Each Indigenous nation has its own creation story. Some stories tell that the Potawatomi have always been here. Other stories tell of migration from the Eastern seaboard with the Ojibwe and Odawa Nations. The three tribes loosely organized as the Three Fires Confederacy, with each serving an important role. The Ojibwe were said to be the Keepers of Tradition. The Odawa were known as the Keepers of the Trade. The Potawatomi were known as the Keepers of the Fire. Later, the Potawatomi migrated from north of Lakes Huron and Superior to the shores of the Mitchigami or Great Lake. This location—in what is now Wisconsin, southern Michigan, northern Indiana, and northern Illinois—is where European explorers in the early 17th century first came upon the Potawatomi; they called themselves Neshnabek, meaning the original or true people.
As the United States frontier border moved west, boundary arguments and land cessions became a way of life for Native Americans. In 1830, the U.S. Congress passed the Indian Removal Act and directed that all American Indians be relocated to lands west of the Mississippi River, leaving the Great Lakes region open to further non-Indian development.
The 1833 Treaty of Chicago established the conditions for the removal of the Potawatomi from the Great Lakes area. When Michigan became a state in 1837, more pressure was put on the Potawatomi to move west. The hazardous trip killed one out of every ten people of the approximately 500 Potawatomi involved. As news of the terrible trip spread, some bands, consisting of small groups of families, fled to northern Michigan and Canada. Some also tried to hide in the forests and swamps of southwestern Michigan. The U.S. government sent soldiers to round up the Potawatomi they could find and move them at gunpoint to reservations in the west. This forced removal is now called the Potawatomi Trail of Death, similar to the more familiar Cherokee Trail of Tears.
However, a small group of Neshnabek, with Leopold Pokagon as one of their leaders, earned the right to remain in their homeland, in part because they had demonstrated a strong attachment to Catholicism. It is the descendants of this small group who constitute the Pokagon Band of Potawatomi Indians.
When the American immigrants first came to southwestern Michigan in the early 19th century, they would have found Leopold Pokagon and his village in what is now Bertrand Township in Niles, Michigan. In 1838, Leopold and a small group from the St. Joseph Valley visited the Odawa at L’Arbre Croche to attempt to find a place to settle, for while the Treaty of 1833 allowed them to remain in Michigan, they were supposed to remove to the L’Arbre Croche area with the Odawa within five years. In 1836 the Treaty of Washington was struck between the Odawa and Ojibwe and ceded much of the lands in the north. Essentially, Leopold and his group were told there would be no room for them to move there. Upon returning to southwest Michigan, Leopold purchased land in Silver Creek Township using annuity monies accrued through several previous treaty negotiations, including the Treaty of 1833. It was in this time that Pokagon and several other groups moved collectively to Silver Creek Township, near present day Dowagiac, Michigan. Not long after, Brigadier General Hugh Brady threatened to force Pokagon’s Band out of Michigan. Pokagon, who by then was an old man in failing health, traveled to Detroit to get a written judgment from Epaphroditus Ransom of the Michigan Supreme Court to remain on their land.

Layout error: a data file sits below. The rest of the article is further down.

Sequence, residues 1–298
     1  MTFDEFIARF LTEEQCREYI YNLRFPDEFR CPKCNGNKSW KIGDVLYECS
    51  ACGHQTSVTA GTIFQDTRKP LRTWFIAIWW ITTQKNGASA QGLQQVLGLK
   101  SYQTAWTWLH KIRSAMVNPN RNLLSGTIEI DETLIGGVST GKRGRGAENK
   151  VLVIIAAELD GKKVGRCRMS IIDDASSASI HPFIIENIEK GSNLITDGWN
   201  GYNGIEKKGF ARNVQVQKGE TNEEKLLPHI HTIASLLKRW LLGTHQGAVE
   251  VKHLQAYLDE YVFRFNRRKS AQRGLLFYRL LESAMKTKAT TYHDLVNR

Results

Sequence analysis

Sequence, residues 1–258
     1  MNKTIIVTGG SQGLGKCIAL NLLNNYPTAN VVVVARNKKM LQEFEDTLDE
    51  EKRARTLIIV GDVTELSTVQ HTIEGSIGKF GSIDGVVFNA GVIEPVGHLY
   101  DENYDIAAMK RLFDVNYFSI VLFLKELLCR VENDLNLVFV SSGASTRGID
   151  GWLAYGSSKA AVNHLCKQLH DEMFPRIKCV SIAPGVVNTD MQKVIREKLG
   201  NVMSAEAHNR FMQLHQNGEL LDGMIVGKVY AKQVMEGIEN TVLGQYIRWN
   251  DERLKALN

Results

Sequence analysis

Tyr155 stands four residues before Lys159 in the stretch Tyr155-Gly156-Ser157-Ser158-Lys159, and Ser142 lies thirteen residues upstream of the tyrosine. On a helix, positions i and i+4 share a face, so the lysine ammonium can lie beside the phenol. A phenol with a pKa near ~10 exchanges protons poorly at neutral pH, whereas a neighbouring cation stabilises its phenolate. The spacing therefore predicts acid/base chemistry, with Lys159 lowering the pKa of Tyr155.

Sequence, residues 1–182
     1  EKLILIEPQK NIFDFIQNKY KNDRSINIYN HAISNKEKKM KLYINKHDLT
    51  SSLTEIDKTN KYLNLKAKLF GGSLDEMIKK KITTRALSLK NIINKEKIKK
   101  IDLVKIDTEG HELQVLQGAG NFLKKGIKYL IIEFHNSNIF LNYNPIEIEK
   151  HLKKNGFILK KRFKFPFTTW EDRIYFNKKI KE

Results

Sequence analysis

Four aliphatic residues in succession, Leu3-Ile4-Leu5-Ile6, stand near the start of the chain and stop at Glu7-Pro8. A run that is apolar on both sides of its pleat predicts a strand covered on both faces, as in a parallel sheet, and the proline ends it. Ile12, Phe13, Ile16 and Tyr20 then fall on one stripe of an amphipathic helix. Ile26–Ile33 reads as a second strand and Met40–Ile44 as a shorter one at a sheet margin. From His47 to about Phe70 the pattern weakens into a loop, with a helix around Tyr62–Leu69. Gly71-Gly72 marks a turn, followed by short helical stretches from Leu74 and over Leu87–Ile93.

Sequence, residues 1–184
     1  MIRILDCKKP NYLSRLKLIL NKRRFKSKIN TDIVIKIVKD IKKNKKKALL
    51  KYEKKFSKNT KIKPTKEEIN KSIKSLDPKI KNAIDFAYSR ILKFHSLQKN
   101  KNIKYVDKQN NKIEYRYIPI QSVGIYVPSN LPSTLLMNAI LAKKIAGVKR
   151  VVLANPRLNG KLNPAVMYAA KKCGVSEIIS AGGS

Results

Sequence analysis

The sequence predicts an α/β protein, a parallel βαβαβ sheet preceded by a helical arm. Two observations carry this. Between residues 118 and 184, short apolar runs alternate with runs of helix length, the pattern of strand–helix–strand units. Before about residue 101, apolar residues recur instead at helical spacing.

Nearly one hundred years later, during the Great Depression, the federal government passed the Wheeler-Howard Act, also known as the Indian Reorganization Act of 1934, which would provide tribes with resources to reestablish tribal governments. Although the Pokagon Band applied for recognition, the Bureau of Indian Affairs had limited funding and personnel to fully implement the Act, so decided to recognize only one Indian tribe in the lower peninsula of Michigan (the Saginaw Chippewa Indian Tribe). It wasn’t until September 21, 1994 that the federally-recognized status of the Pokagon Band of Potawatomi was reaffirmed by an act of Congress. After decades of effort by hundreds of Pokagon Band citizens and other volunteers, the Pokagon Band’s sovereignty was restored on that day in a signing ceremony at the White House with President Bill Clinton. This day is now celebrated as Sovereignty Day by citizens of the Pokagon Band. This Act did not mean that the Pokagon Band suddenly became an Indian tribe, rather that the federal government reaffirmed what the Pokagon Band had always known — they were a tribe.